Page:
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r A TT.IXD OnG.IX TRUST?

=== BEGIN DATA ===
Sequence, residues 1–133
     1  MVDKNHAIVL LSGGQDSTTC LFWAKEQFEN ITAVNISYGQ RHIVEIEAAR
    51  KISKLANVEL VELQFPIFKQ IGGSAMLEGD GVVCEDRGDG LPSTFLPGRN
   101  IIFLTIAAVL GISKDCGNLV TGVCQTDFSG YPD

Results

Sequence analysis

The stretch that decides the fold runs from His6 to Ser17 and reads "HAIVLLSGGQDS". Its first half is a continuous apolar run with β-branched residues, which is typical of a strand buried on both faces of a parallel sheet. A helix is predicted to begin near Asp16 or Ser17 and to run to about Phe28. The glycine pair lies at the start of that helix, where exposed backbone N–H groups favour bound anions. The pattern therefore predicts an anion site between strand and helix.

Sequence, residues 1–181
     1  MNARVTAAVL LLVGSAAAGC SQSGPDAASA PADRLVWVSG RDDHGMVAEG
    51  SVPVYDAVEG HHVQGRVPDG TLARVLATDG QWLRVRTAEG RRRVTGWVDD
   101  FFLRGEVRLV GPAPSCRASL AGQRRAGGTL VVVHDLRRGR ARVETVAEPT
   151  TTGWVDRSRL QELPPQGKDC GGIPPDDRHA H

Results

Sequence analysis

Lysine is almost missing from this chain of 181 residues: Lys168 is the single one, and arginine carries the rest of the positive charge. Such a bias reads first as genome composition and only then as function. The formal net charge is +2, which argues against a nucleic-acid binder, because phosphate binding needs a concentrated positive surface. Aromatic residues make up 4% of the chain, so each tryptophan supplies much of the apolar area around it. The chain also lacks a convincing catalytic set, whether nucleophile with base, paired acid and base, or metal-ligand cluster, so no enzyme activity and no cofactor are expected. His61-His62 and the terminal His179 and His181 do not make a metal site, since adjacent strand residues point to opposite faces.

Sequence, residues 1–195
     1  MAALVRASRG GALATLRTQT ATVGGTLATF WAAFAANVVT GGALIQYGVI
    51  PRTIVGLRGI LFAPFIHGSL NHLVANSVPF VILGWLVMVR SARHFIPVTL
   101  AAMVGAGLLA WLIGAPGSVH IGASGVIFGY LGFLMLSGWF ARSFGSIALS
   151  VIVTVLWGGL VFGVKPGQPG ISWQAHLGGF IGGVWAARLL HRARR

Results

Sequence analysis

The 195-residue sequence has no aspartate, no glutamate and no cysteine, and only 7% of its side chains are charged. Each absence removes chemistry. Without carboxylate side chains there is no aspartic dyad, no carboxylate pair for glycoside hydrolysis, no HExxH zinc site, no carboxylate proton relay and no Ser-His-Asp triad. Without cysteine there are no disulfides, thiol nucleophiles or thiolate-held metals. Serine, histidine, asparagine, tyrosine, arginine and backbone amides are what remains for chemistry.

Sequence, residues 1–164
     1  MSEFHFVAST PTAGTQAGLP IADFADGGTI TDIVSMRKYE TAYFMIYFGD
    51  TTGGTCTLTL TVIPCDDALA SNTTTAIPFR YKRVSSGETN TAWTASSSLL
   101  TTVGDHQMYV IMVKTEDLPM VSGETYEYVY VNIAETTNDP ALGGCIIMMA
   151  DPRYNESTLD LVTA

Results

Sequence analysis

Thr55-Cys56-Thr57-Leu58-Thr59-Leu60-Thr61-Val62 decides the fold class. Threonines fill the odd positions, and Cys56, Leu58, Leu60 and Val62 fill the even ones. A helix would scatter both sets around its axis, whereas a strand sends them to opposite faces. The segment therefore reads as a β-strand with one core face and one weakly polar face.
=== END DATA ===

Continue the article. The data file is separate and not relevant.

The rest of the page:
lit Least Something Much laJ:c It Is Discovered. A tnsst ■ said to have mvaded recently the rrjystrri. us reaha of the 'ir^in prrir.der. and laid hands on h\< scanty <e.j-:.irs. Certain charity "Workers, bed on ether i-vosti£.itions. the other day wandered into a rear tenement In Fifty iiintli-st., and nddeatty they realized that they had trai ■ t!ie hand <>r^.:n man to Us habitat. Prom numberless ti'iioir.er.t stories and endless rooms there saddVenly uterfegd i vast swarm of grinders. DM rr. - ■ :. the .h:.rity workers pursued their clew ixr.l soon discovered that they had hit upon a v... tribotittg centre of a real hand or?ran trust, a i»rpor:.tion even more soulless than usual, and that every inhabitant of this rear IflWUfilt v..ir1.l whs fast in its clutches. To be ecre, others n isjat regard this trust as a more ramification of the padrone system, familiar ■wherever the Italian is found, and the distinc tion is slight. The hand organ grinders have a centra; sad governing office, -a here two brothers are in control. It is rather ar. odd fact of s<*o?^iphy th.it the band ons business should lie altogether in the hands of the esntgFasts from the region at the foot of the Alps, but such is the case. Hand orgnr.s are made and repaired in large percent age by the Genoese, owned and rented by Sa voyards sad played ty Pielmcntese, as well as Inhabits: of the other Western Alpine region. The two Savoyard brothers, who operate this hand organ trust, own hundreds of organs. They import them by the score from Bordeaux, and they employ Italians, who play the organs ar.d turn over all but a pittance of their pennies lor the rent of the organ. In this tenement they house their employes like cattle, lead them like aninial3, and regularly send them forth on various routes. These routes are as extensive arid intertwining as those of a trunk eystem, and the brothers operate them like railroad Fuperintendents Every sty It of organ. from the miserable liitJe "wheenef" to the great piano organ, finds a place in their stock, and M a means cf keeping the control of the busies. 1 -: they never sell an organ. The basis c* the power of such a trust lies in the fact that the purchp.se of a hand organ re quires no email outlay of capital. Evi n th" tuneless "srheeanr/* oj»'rated by poor forlorn old women, and desi>jn*»d nv-rHy .'is an appr-ti! to charity, costs F2T>, and a carriage srgan, to the in;rr.ijrra.r.t, costs a fortune. Thus the trust has a Ms aduulagji — it controls the import;, tlon of the mai hiT;<--5. refuses t'j «<■!! them, and Imports its own employes. The evfls of the aysteni r.re manifold. Not long a~o certain vagnncy oJli'ials discovered an I&StaBOS w Jiere an ov. n*-r of a lnrpe share i:i one of these trusts was actually driving hi* wife <iut on th" streets to sec, and unsaercifully beatir:tr ] ■-r v.hen she failed to bring back money. T!;:.--- me imported hard organs from IJoid'-.iiix. valued at thousands of dollars, and he showed a check of over fl.'M) paid for cus tom house duties. It is also darkly hinted that some of these magnates are introducing the Italian custom of crippling children and caus i:.- painful wounds in order to reinforce their appeal 10 the tynipatiiy jf th" generous. It is easy to see how the advent of the trust will affect the life of the hand organ man. As bis grimy coppers in an increasing proportion are seized by the magnate, hi.- food and quar *trrs steadily deteriorate and the bland and smil ing organ grinder seems destined to lose his chartwistic Joyfulnees and sink back into sullen slavery. Moreover, the worst of the situation is that it is practically impossible to investigate 1... ,-,!!, iiiion. I*;:. "'•'• — . a. foreign toujru*-. a watchful padrone— intcrpuse, and behind this veil h»- seems to be b» y »nd the r-nch of lnvesti gaii.'ig coairr.itV.--s- NEW-YORK TBIBUNE ILLUSTRATED SUPPLEMENT. AN ABTISTIC ORGANIST. He displays sheets of musks on his orzxa for customers t» -■>« '.heir selections. tup: pony orcas as IT sometimes APPEARS. Has horsepower to convey It and two jnen or a man and a boy to man.-v;(? it. MOUNTAIN CLIMBING. Some of the Difficulties To Be Over come in Making Ascents. To reach the summit of a mountain in the most modern fashion you must ride in an auto mobile, as a number of persons did recently when they went up Mount Washington. A fairly satisfactory substitute for travelling in a i»ri vate conveyance is making use of an electric or steam railway. Some of the most famous moun tains in America and Europe can be climbed in that luxurious and easy manner, Pike's Peak, which rises over fourteen thousand feet abort sea level, is one of them. With the great ma jority of the highest uplifts, however, all of the?*- facilities are km;;. Access to the base is often f.-ir from easy, and thereafter even a Trail which a mule can follow/ is seldom found. Th»» explorer must go on foot, and his commis sary supplies must be carried by human bearers. The ascent of a mountain und«-r such circum stances demands courage, ingenuity and great physical endurance. These, in combination with the services of an experienced guide, have re sulted in remarkable conquests, notably in the Alps and Andes. Much the hardest tasks of this kind are pre sented by mountains that have never been climbed before. Information and help derived from natives have their limits, and beyond the latter a newcomer must dejiend entirely on his own resources, fclr Martin Con way did more or less original work in the Himalayas. So did Dr. and Mrs. Workman, who have achieved wonders in that part of the globe. To this same class of undertakings belongs Fitzgerald's as cent of the loftiest summit in the Amies. Ksti- Bsshsj of its height vary, but they agree in hovering around 23.000 feet Until List year I'-itzscrrild'a performance remained unequalled; but Dr. Workman then beat his own record In Cashmere, and he teems to have outdone Fitzgerald, too, as he claims to have reached an elevation of 23.15 M f?et. Simultaneously Dr. Cook was in Alaska, trying without success to climb Mount McKlnley, whose top has never been attained, though it is nearly three thou sand feet tower than Aconcagua. In a recent "Kulletin of the American Geo graphical Society** the Brooklyn explorer dis cusses some of the exceptional dilllculties which beset the as «nt of Mount McKlniey. When these are carefully cons.de-red one reaJizes tiiat THE HAND ORGAN. Not particularly artistic la appearance, but fall of ragtime zauaia. I the trouble la not always exactly proportioned to the elevation. There is a great difference la the slopes of mountains, for Instance. Dr. Cook encountered on the western side of MeKinl-y a granite wall four thousand feet hi^h. Another important characteristic of the- mountain is that It is situated further from the equator thin any other whose ascent would be regarded as a brill iant feat. Aconcagua is onlj ,"'.'J : U . 1.-_; r- ■ a south of the equator. Pioneer P- ik, which S;r Martin Conway climbed, i.- about the same dlstan. •; north of th- line. Mount Everest, th. highest summit in the world, stands In north latitude ■JS, and is scarcely outside the tropics. Mount McKiniey is in latitude •:.■'.. Everest i* ;'!•■>:; nine thousand feet higher, to be sure, but that difference is probably more than offset by Mc- Kinley's proximity to the Arctic Circle. It is es timated by meteorologists that the temperature diminish, s with ascent about one degrre for every 300 or J!"J<» feet. II one mountain i:i ta; Himalayas were !!»>.•«>•• feet high, and another, close beside It, rose to an elevation of -'■'•- ■ it is not likely th-ir th- average temperature would be more than :!<• degrees lower on the latter than on the former. Hut if th^ lower one were •■•"» degrees of latitude further north than the other it might easily prove to be the scene of more extreme cold. Dr. Cook has much to say about the embar rassments which he experienced in consequence of Mount McKlnley'a nearnesa to the pole. In many places there are overhanging cornices of snow and ice, which break away and i "■' a thundering down the mountainside. To the westward of Mount McKiniey, nd lying pan!! i with the chain to which it longs, is. RooseTelt lii'iu'»». whose height is not far from ten thou sand feet. Between the two i.s Peter's Gla^ cier, moving northeastward at a level of about eight thousand feet above the sea. One c| l»r. Cook's attempts Involved a Journey 0:1 the surface of this glacier. In order to make] any headway here it was necessary to cur step* in the ice, a: : before doing this to remove four teen Inches of snow! Progress was main! lined in that manner for three thousand feet. Then it was that the vertical granite ivu'l stopped furl her advance. An even more remarkable glacier lies to the northeast of M Kin] beins the product of several smaller i •• streams. At one point th. one, the Fldele Glacier, is e:^::t miles wide. Mount St. Eii is, a:.- i in Alaska, and a trifle over eighteen thousand f< -i hi.^h, has b*en scaled several times, and the Duke of the Abruxzl wrote a charming t.«")k ;■' out hia si; 1 cessful venture in that quarter of the globe. Mount St. Ellas, though, according to Dr. Cook, la not comparable with McKiniey for difficulty. A practically continuous path [.■< afforded over the Ice of Mount St. Ell «s from base t<> summit. 80 far as the Brooklyn explorer can perceive, all similar pat ha in the vicinity of McXii are badly interrupted. li- •■.!„- it "the loftiest mountain in North America, th- steepest in all the world, ui;d the most frigid of all gl ••-- moun tains." .11. MOST CALLED HIM A HOG. "The late Paul Jo-;, Blanc, the French art ist, studied in Home in his youth.** said an American painter, "and be was noted In th.so days for his truculence. "I'.'aii'- din< '1 at a stu -r in Rome, a-.<i a young Germ in wn • - ■■' i ar bin ■aid FVenchman.' •• How soT said Wane, frowning; " 'Because you eat so much bread.' "Blanc did not Ike this. He retorted: " 'It is easy to see that you are a German.' " 'Why?' asked the other. " "Till siisn." said iilaac, 'you eat f everything.' ■ .">